Course DescriptionThis series traces the causes and course of World War I, “the war to end all wars,” from 1914 to 1918, with a special focus on America’s role in this conflict. Entering late in 1917, Woodrow Wilson intended to create a new world order, based on democracy and self-determination; which foresaw new nations emerging and great empires vanquishing. However, at the Versailles Peace Conference of 1919, Wilson’s idealism was met by French revanchism and shaping a lasting peace would become difficult. This series covers the highlights of the armed conflict from 1914 to 1918 and assesses the lasting legacy of the Versailles Peace Conference. Measured against the judgment of history, it is a study of flawed decisions with terrible consequences, chief among them the widely accepted view of history that the road from the Hall of Mirrors directly led to the German invasion of Poland only 20 years later. Also some of the most intractable problems of the modern world have roots in decisions made at Versailles. Among them one could list – for instance - the Balkan wars of the 1990s and the endless struggle between Arabs and Jews over land that each thought had been promised them.
- The War that Didn’t End All Wars: Causes and Course of WWI
- The French Get Revanche for 1871: From the Compiègne Forest to the Hall of Mirrors
- Creating a New World Order: Wilson’s Self-Determination and a League Misses its Star
- Legacy of Versailles: A Flawed Peace Treaty or the Germans are Bad Losers?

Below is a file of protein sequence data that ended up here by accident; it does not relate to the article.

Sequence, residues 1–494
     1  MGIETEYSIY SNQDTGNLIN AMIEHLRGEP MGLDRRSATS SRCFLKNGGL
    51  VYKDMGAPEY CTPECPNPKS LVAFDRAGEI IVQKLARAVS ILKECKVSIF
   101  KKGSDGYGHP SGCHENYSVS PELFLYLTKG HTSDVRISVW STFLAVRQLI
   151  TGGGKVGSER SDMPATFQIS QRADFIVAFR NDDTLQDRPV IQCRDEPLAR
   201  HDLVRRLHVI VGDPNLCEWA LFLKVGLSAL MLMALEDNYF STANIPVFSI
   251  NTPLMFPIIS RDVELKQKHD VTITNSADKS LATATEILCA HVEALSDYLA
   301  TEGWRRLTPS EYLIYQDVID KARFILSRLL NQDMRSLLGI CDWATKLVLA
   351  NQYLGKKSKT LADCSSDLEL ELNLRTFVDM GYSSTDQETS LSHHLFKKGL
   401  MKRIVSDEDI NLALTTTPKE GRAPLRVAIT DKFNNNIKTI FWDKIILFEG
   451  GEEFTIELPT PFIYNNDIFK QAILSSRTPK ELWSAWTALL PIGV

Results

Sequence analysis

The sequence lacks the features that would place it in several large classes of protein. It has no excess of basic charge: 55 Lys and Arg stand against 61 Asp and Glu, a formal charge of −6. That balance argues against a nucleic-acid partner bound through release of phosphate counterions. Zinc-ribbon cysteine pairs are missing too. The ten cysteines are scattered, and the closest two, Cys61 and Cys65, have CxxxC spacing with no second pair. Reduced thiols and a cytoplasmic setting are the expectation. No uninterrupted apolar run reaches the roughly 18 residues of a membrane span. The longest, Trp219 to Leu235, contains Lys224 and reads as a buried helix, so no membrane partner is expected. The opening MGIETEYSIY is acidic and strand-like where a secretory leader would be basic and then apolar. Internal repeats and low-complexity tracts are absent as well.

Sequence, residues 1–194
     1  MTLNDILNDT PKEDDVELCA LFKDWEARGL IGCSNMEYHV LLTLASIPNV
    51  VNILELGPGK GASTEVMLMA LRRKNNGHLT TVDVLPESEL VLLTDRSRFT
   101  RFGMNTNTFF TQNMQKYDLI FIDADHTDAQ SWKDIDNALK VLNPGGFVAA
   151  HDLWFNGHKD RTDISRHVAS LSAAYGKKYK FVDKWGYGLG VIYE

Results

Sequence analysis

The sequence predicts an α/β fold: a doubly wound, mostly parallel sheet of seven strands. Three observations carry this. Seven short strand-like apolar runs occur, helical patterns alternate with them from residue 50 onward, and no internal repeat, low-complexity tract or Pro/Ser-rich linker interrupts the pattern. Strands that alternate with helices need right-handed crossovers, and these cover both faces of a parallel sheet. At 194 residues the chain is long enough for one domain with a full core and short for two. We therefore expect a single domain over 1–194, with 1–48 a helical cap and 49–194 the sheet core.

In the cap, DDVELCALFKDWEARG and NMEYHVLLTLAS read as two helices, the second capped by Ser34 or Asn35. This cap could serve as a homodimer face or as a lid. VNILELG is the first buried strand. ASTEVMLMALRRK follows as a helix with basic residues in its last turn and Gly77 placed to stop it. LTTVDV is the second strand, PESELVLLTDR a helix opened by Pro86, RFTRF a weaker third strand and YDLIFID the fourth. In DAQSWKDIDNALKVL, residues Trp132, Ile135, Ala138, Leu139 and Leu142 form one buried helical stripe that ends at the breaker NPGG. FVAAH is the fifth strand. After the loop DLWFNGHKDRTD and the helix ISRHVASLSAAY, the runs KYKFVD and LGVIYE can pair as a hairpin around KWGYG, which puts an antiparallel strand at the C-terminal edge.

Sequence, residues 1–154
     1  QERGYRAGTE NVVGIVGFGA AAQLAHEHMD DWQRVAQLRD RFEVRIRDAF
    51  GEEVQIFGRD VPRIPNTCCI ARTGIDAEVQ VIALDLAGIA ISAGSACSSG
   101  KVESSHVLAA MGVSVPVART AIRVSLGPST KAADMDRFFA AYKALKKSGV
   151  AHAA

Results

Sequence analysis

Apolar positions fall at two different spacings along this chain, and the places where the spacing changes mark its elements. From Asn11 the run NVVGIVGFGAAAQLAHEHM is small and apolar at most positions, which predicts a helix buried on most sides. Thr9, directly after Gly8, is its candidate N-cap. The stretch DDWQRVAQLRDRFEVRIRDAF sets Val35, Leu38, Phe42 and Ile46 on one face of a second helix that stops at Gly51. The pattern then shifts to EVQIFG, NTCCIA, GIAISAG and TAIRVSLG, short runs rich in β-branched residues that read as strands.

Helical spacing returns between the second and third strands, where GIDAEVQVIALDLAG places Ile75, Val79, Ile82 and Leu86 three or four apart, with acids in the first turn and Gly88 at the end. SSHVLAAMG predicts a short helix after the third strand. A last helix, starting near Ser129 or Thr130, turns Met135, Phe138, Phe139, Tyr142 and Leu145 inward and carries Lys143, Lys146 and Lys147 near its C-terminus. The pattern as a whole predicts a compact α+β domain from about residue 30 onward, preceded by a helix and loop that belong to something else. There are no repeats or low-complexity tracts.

- Time: 3:00 PM - 4:30 PM
- Date: Thursdays, February 13, 20, 27; March 5
- Location: Friedberg Auditorium, Lifelong Learning Building
Member - $50
Non-member - $65
One-time guest pass, Member or Non-member at the door - $20.
About the Instructor
Claudia Dunlea, PhD, is a Senior Instructor of History at Florida Atlantic University (FAU). She received her doctorate in European Integration History from the University of Hamburg, Germany, in 2003. Dunlea is the author of a book that investigates the origins of a supranational European foreign policy in the 1950s. Her recent research on the diplomatic relations of the European Union was published in two international publications. Having been born and raised in post-WW2 Germany, Dunlea developed a deep personal interest in the 12 dark years of her country’s history. Among other topics, she is teaching courses on WW2, aspects of the Holocaust, and modern Germany’s attempt to deal with its Nazi past.
Upcoming programs presented by Claudia Dunlea.